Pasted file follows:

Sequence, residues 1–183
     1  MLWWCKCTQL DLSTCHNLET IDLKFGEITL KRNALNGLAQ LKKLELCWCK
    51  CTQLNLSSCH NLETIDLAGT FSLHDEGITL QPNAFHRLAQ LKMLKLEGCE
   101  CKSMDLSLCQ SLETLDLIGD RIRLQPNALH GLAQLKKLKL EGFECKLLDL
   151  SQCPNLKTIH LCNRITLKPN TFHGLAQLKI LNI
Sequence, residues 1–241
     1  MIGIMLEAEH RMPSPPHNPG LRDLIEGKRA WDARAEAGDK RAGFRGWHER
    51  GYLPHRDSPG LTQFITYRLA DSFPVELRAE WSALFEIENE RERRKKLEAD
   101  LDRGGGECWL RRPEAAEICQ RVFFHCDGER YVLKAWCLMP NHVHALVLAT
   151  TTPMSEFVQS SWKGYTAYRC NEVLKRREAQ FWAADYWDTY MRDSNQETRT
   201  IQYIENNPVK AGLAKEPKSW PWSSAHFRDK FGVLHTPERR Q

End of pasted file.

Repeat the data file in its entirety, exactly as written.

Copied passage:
Sequence, residues 1–183
     1  MLWWCKCTQL DLSTCHNLET IDLKFGEITL KRNALNGLAQ LKKLELCWCK
    51  CTQLNLSSCH NLETIDLAGT FSLHDEGITL QPNAFHRLAQ LKMLKLEGCE
   101  CKSMDLSLCQ SLETLDLIGD RIRLQPNALH GLAQLKKLKL EGFECKLLDL
   151  SQCPNLKTIH LCNRITLKPN TFHGLAQLKI LNI
Sequence, residues 1–241
     1  MIGIMLEAEH RMPSPPHNPG LRDLIEGKRA WDARAEAGDK RAGFRGWHER
    51  GYLPHRDSPG LTQFITYRLA DSFPVELRAE WSALFEIENE RERRKKLEAD
   101  LDRGGGECWL RRPEAAEICQ RVFFHCDGER YVLKAWCLMP NHVHALVLAT
   151  TTPMSEFVQS SWKGYTAYRC NEVLKRREAQ FWAADYWDTY MRDSNQETRT
   201  IQYIENNPVK AGLAKEPKSW PWSSAHFRDK FGVLHTPERR Q